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This article in SSSAJ

  1. Vol. 74 No. 3, p. 1018-1027
     
    Received: Oct 14, 2009
    Published: May, 2010


    * Corresponding author(s): wolfgang.wanek@univie.ac.at
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doi:10.2136/sssaj2009.0389

Alternative Methods for Measuring Inorganic, Organic, and Total Dissolved Nitrogen in Soil

  1. Rebecca Hood-Nowotnya,
  2. Nina Hinko-Najera Umanab,
  3. Erich Inselbacherc,
  4. Petra Oswald- Lachouaniabc and
  5. Wolfgang Wanek *a
  1. a Dep. of Chemical Ecology and Ecosystem Research, Univ. of Vienna, Althanstrasse 14, 1090 Vienna, Austria
    b Dep. of Forest and Ecosystem Science, Univ. of Melbourne, Water St., Creswick, VIC 3363, Australia
    c Dep. of Forest Ecology and Management, Swedish Univ. of Agricultural Sciences, SE-901, 83 Umeå, Sweden

Abstract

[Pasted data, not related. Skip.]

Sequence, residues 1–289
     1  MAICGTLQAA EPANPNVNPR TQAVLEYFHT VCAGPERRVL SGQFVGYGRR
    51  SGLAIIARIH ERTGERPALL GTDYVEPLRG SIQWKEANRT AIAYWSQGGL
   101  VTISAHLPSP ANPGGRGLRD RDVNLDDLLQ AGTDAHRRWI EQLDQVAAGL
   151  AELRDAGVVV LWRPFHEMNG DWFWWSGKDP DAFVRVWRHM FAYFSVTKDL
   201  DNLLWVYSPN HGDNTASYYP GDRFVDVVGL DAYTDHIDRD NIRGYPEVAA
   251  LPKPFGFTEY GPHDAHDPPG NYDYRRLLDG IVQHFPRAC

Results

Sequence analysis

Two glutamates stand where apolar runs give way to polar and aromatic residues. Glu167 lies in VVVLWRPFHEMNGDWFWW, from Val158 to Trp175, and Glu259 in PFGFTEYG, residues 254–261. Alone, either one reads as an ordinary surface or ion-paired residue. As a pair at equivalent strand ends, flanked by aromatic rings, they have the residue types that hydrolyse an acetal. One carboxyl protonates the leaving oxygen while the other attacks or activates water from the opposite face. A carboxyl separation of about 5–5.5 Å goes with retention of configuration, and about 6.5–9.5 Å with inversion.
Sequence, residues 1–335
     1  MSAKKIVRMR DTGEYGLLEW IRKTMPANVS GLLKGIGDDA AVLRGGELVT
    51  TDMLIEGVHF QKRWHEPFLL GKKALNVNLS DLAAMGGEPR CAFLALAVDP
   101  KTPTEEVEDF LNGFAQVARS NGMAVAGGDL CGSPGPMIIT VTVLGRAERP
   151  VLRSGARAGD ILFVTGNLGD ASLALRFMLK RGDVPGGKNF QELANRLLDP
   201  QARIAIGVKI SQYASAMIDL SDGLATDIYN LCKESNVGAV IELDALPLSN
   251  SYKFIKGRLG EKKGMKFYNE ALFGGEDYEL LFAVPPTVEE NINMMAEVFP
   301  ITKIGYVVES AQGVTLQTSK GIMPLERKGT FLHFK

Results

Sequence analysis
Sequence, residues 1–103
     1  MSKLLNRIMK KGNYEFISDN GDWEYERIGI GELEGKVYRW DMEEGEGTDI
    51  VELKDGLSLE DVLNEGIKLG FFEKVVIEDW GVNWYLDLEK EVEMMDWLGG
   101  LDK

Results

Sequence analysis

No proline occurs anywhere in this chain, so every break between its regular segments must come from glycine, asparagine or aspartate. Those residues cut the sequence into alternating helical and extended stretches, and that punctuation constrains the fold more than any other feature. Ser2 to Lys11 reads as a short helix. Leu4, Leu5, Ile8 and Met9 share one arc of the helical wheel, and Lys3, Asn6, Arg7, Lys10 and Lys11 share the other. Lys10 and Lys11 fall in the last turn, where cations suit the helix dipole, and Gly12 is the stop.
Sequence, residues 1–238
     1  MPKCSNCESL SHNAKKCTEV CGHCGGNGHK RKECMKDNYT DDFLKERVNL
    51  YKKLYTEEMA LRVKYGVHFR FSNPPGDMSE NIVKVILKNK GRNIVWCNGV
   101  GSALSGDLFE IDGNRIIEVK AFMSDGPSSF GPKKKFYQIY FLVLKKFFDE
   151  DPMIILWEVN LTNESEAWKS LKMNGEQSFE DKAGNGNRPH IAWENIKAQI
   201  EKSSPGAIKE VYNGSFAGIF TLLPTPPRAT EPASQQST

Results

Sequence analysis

There are numerous methods for measuring inorganic, dissolved organic, and microbial N in soils, although many of these are complex or require expensive equipment. We have modified methods for the measurement of NH4 +, NO3 , total dissolved N (TDN), and soil microbial biomass N (SMBN) in soils. The methods are based on a microtiter plate format and are rapid and simple to perform. Ammonium is quantified by a colorimetric method based on the Berthelot reaction. Total dissolved N and SMBN (by CH3Cl fumigation-extraction) are quantified as NO3 after alkaline persulfate oxidation. Nitrate is estimated directly or after persulfate oxidation by reduction of NO3 to NO2 by VCl3 and subsequent colorimetric determination of NO2 by acidic Griess reaction. The new suite of methods was compared with conventional methods such as high-performance anion-exchange chromatography for NO3 and high-temperature catalytic oxidation for TDN. Our methods produced comparable detection limits, linearities, and precisions compared with the conventional methods. Limits of quantification were 7 μg NH4 +–N L−1, 55 μg NO3 –N L−1, and 0.275 mg TDN L−1 The accuracy of the proposed methods was excellent, with recoveries of added NH4 +, NO3 , and glycine ranging between 96 and 99%. Linearities of the respective calibrations were high (R 2 > 0.99), and precisions for NH4 + (CV = 2.1%), NO3 (CV = 3.5%), and TDN (CV = 3.9%) were comparable to the reference methods. The simplicity, rapidity, and low cost of the proposed methods therefore allow an expansion of the scope and range of N cycle studies where sophisticated instrumentation is not available.

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